You are here

NIH Grant Aids SIU Hearing Research

July 22, 2016

Cox lab studying novCox lab studying novel gene to learn why hearing cells dieel gene to learn why hearing cells die

Hearing loss is primarily caused by death of sound-sensing cells called hair cells, which are found in the inner ear, in the snail-shaped structure called the cochlea. These cells can naturally regenerate in birds, frogs and fish, allowing recovery of hearing. However, hair cells were not thought to regenerate in humans or other mammals until very recently. In 2014, Brandon Cox, PhD, discovered their ability to spontaneously regenerate in newborn mice. Cox is an assistant professor of pharmacology and a research scientist at Southern Illinois University School of Medicine.

In addition to her work on hair cell regeneration in very young mice, Cox also studies survival pathways within hair cells. “We want to learn more about why aging, noise exposure or ototoxic drugs kills these cells, but not other cells in the body,” Cox said.

Cox has received a five-year grant from the National Institute on Deafness and Other Communication Disorders within the National Institutes of Health (NIH) to investigate factors that regulate survival of hair cells in the context of aging, regeneration and ototoxic drug or noise exposure. The total budget for the project is $1.4 million.

The studies will focus on a specific gene that is known to regulate hair cell survival during prenatal development. This gene has never been studied during cochlear maturation, spontaneous hair cell regeneration, or in the context of exposure to noise or toxic drugs. Cox’s grant will address these unanswered questions over the next five years as well as investigate the function of this gene in the vestibular system, which regulates balance.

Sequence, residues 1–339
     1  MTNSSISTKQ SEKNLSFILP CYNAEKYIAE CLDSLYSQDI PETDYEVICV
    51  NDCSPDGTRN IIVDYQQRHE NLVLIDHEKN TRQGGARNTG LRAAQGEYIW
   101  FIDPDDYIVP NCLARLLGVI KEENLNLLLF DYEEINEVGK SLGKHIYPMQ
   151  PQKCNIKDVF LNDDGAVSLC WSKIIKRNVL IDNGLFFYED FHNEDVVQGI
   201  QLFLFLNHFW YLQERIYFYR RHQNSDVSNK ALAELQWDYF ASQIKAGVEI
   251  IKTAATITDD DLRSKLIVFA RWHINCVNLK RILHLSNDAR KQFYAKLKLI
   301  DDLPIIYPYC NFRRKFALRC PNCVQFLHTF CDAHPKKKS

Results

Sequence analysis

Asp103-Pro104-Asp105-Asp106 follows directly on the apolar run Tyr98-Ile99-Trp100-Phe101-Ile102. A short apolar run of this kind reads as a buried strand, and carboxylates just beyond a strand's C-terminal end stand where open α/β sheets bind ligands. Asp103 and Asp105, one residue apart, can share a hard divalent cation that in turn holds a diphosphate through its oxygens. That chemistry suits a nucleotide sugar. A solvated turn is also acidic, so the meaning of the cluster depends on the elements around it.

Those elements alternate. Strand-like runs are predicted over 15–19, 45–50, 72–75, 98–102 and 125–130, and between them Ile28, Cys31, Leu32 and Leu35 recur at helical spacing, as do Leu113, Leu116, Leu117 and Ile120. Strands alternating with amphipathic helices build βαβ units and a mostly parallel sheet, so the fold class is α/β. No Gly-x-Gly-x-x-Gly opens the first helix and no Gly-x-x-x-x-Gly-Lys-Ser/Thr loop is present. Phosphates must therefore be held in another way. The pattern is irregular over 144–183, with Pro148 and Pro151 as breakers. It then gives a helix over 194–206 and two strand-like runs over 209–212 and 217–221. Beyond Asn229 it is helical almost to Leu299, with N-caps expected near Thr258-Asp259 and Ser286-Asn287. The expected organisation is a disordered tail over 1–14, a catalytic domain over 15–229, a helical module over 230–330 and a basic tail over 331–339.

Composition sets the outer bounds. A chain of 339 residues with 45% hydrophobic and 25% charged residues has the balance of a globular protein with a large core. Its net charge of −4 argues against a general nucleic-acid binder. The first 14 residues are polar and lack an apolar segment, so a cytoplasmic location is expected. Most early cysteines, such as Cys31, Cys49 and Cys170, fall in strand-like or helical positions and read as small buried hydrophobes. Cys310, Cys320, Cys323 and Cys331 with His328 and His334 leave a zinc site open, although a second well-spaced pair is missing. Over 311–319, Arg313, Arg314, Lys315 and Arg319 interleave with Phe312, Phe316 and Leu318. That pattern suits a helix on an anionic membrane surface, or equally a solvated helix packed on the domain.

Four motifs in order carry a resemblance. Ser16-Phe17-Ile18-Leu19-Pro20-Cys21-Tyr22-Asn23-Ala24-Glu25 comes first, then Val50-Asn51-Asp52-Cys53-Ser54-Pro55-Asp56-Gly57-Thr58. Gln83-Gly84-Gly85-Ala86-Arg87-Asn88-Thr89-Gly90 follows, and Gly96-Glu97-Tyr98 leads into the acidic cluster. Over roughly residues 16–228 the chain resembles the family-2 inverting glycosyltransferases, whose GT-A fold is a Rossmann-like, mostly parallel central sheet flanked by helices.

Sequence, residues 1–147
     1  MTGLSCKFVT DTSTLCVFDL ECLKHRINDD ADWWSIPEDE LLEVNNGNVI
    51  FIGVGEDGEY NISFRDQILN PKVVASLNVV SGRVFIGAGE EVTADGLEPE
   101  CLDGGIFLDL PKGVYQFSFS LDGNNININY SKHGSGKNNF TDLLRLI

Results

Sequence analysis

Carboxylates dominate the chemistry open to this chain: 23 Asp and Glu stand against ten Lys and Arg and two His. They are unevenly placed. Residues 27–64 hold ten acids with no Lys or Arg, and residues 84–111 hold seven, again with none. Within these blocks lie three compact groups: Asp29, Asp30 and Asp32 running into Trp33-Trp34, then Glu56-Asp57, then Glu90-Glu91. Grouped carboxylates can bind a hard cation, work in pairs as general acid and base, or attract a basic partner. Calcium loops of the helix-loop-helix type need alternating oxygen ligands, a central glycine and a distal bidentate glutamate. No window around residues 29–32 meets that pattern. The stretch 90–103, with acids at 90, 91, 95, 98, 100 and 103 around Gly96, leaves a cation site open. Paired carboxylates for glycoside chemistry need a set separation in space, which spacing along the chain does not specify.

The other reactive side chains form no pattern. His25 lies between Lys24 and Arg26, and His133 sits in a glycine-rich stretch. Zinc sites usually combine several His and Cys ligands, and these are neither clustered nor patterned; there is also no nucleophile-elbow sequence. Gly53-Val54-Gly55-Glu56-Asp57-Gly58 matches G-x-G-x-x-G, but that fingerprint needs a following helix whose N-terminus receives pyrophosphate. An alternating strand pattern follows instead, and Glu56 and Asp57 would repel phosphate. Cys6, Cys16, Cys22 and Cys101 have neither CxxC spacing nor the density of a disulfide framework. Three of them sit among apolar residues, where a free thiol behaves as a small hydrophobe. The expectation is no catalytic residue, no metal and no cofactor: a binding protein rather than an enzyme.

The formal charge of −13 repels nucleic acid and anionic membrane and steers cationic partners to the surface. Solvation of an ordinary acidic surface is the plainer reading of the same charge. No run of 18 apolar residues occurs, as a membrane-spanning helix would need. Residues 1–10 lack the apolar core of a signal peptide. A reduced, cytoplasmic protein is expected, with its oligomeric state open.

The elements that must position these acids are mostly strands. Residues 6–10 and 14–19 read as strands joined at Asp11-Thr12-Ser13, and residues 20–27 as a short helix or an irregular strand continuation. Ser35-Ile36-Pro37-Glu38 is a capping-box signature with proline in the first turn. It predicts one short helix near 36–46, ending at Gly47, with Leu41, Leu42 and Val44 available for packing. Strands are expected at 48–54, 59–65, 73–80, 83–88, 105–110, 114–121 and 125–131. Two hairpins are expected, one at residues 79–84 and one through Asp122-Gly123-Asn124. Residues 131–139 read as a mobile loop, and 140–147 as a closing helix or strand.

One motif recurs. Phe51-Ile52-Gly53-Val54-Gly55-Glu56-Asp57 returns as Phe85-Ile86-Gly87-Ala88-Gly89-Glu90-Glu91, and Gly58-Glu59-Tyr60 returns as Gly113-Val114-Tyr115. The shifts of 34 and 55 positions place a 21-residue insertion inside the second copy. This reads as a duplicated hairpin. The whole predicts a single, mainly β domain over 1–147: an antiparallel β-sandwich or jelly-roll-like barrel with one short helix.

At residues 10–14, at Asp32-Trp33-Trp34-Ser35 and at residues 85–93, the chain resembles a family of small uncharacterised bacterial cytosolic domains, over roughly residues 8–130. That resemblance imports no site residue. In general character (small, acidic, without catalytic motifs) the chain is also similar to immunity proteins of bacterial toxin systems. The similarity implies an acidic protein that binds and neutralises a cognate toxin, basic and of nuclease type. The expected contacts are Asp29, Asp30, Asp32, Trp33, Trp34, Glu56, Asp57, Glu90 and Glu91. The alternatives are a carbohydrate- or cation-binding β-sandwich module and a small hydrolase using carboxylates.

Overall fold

This is the fourth national grant awarded for Cox’s research on hearing loss. Her research fellowship was funded by the NIH, and she received funding from the Office of Naval Research for her initial hair cell regeneration work. Currently, Cox also has a three-year, $1.5 million grant from the U.S. Office of the Assistant Secretary of Defense for Health Affairs, a division of the Department of Defense, to advance her investigation of the genes and proteins that make hair cell regeneration possible.

Cox joined SIU’s faculty in 2013. She completed her postdoctoral training at St. Jude’s Children’s Research Hospital in Memphis, Tenn. She earned her doctoral degree in pharmacology from Georgetown University in Washington, D.C. (2008) and her bachelor's degree from the University of Richmond in Virginia (1999). Research reported in this press release is supported by NIH under award number R01DC014441-01A1.